• ISO Adopts Standard for Privacy in the Cloud
  • March 4, 2015 | Authors: Jaimmé A. Collins; Jack Pringle
  • Law Firms: Adams and Reese LLP - New Orleans Office ; Adams and Reese LLP - Columbia Office
  • The use of public cloud computing services- broadly defined as contracting with another company for the provision of computing resources (networks, storage, applications, and services), offers many potential benefits for businesses, among them economies of scale, lower capital costs, and improved accessibility.

    At the same time, the nature of cloud computing services presents a number of legal and compliance challenges for businesses and cloud services providers alike. For example, numerous data protection laws require businesses to safeguard personal information. These data protection laws - such as statutes based on the European Union Directive 95-46 (the “EU Data Protection Directive) -- often limit or restrict the international transfer of sensitive information, and require organizations controlling or processing data to execute Model Contract Clauses or Binding Corporate Rules in order to effect cross-border data transfers.

    When a business (the customer) agrees to allow a cloud services provider to process personal information (e.g. collect, store, use, and dispose of that information), the customer continues to be bound by those data protection and transfer requirements. Accordingly, a business entrusting personal information to a cloud services provider retains the responsibility to ensure that the cloud services provider adequately protects personal information and only transfers sensitive data in compliance with applicable law.

    Similarly, data protection laws governing how personal information can be processed are not necessarily uniform from country to country, creating additional challenges for those customers and cloud services providers operating in more than one jurisdiction. And although there are a number of standards addressing information security generally- such as International Standards Organization (ISO) 27001 and 27002- the absence of a single privacy standard particular to cloud services makes assessing data protection compliance (via audit or otherwise) problematic. In fact, the European Commission’s 2012 report “Unleashing the Potential of Cloud Computing in Europe” cited the lack of such a standard as a hindrance to the widespread use of cloud computing in Europe.

    With an eye toward establishing a “common compliance framework” for cloud services providers that could apply across jurisdictions, on August 1, 2014 ISO issued a standard- ISO 27018- for protecting personal information in the cloud. ISO 27018 sets out the following objectives:

    • Help cloud services providers comply with their legal, statutory, regulatory and contractual obligations applicable to the processing of PII;
    • Allow cloud services providers to be transparent so that their customers can select cloud-based services;
    • Help a cloud service customer and the cloud services provider to enter into a contractual relationship; and
    • Give cloud services customers a mechanism to audit their cloud services providers, given the difficulties associated with doing so in a multi-party cloud environment.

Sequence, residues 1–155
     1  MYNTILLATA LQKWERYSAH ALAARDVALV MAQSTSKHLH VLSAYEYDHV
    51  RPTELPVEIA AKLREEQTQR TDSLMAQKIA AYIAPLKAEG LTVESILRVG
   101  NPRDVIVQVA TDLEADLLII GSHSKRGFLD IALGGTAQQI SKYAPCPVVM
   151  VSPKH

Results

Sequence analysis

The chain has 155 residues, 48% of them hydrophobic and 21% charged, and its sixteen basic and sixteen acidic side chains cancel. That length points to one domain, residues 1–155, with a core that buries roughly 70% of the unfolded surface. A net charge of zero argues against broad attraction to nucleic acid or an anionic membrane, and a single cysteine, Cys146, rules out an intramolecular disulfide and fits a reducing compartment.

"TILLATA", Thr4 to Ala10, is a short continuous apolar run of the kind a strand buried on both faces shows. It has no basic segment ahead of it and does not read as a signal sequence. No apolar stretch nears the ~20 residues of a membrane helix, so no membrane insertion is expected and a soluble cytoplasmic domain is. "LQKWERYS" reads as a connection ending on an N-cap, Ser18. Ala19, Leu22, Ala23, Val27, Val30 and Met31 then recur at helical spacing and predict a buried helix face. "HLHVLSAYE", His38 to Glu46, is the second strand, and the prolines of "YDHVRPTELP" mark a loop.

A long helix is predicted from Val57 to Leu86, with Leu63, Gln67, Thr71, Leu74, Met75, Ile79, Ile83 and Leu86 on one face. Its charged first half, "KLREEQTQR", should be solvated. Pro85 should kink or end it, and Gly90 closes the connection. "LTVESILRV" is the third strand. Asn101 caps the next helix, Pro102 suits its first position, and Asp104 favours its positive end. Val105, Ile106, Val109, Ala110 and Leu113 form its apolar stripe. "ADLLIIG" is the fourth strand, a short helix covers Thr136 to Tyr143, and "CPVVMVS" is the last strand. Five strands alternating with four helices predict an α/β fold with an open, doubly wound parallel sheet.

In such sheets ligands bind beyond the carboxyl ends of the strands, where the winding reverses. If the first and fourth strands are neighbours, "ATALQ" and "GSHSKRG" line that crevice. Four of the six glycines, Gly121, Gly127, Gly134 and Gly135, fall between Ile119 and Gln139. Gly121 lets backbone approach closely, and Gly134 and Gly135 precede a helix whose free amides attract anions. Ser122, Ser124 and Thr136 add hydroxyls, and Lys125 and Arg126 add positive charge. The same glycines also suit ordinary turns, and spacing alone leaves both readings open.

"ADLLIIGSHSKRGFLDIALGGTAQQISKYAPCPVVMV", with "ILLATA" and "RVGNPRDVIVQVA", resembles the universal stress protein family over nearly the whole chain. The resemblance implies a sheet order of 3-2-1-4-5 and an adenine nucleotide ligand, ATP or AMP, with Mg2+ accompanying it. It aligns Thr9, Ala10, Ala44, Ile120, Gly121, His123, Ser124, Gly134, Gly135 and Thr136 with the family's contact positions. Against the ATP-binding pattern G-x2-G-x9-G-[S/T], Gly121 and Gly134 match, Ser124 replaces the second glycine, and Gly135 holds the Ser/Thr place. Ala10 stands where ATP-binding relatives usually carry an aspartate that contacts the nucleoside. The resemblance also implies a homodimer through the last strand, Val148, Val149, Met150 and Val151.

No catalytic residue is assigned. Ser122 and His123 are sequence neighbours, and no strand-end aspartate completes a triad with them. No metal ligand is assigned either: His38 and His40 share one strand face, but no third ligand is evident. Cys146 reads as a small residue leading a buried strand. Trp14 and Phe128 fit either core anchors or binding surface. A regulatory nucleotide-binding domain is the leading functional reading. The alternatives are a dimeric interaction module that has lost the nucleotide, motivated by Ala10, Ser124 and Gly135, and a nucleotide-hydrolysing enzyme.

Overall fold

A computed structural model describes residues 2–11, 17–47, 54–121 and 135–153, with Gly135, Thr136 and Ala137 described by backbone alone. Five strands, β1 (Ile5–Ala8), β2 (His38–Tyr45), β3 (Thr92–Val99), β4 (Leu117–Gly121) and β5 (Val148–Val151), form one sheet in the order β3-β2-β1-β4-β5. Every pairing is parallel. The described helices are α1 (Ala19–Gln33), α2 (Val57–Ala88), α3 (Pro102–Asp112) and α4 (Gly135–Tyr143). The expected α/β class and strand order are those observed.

In establishing its compliance framework, ISO 27018 considers some of the unique aspects of cloud services (for example the distributed nature of cloud service risk and a contractual relationship between a cloud services provider and its customer), and supplements the information security framework provided by ISO 27001 and ISO 27002 with specific guidance and controls applicable to cloud services.

    Some key personal information protection requirements ISO 27018 establishes for cloud services providers include:

    • Process information only as instructed by the customer, and provide the customer with access to information necessary to confirm same;
    • Never process personal information for advertising and marketing purposes without the express consent of the customer. Requiring consent as a condition of service is prohibited;
    • Make clear in its contractual arrangements with the customer that it will a) reject requests for personal information that are not legally binding; b) consult the customer when legally permissible before making any disclosure of personal information; and c) accept any requests for disclosures of personal information authorized by the customer;
    • Notify the customer of any request for disclosure of personal information by a law enforcement authority unless that disclosure is otherwise prohibited;
    • Disclose the use of any sub-contractors to the customer prior to using them, as well as material information (names of sub-contractors, countries in which sub-contractors process information, how sub-contractors will meet or exceed the information security obligations of the cloud services provider) about the sub-contractor(s);
    • Notify the customer promptly of any unauthorized access to personal information or loss, disclosure or alteration of personal information;
    • Help the customer meet its obligations in the event of a data breach;Implement a policy for the return, transfer, and disposal or personal information and make that policy available to the customer; and
    • Require all individuals with access to personal information to be bound by a confidentiality agreement.

    A cloud services provider has the opportunity to gain certification under ISO 27018 through a review of its systems and policies, a compliance audit by an accredited certification body, and subsequent periodic (typically annual) third-party reviews. Customers and data controllers may use ISO 27018 as a benchmark for meeting their legal obligations, contractual obligations and business objectives applicable to the protection of personal information.